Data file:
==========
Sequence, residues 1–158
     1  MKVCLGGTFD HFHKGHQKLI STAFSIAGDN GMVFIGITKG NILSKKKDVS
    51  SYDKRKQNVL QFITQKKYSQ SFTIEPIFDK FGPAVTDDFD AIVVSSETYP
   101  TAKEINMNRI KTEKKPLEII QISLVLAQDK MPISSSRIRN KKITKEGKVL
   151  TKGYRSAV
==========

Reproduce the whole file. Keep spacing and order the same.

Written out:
Sequence, residues 1–158
     1  MKVCLGGTFD HFHKGHQKLI STAFSIAGDN GMVFIGITKG NILSKKKDVS
    51  SYDKRKQNVL QFITQKKYSQ SFTIEPIFDK FGPAVTDDFD AIVVSSETYP
   101  TAKEINMNRI KTEKKPLEII QISLVLAQDK MPISSSRIRN KKITKEGKVL
   151  TKGYRSAV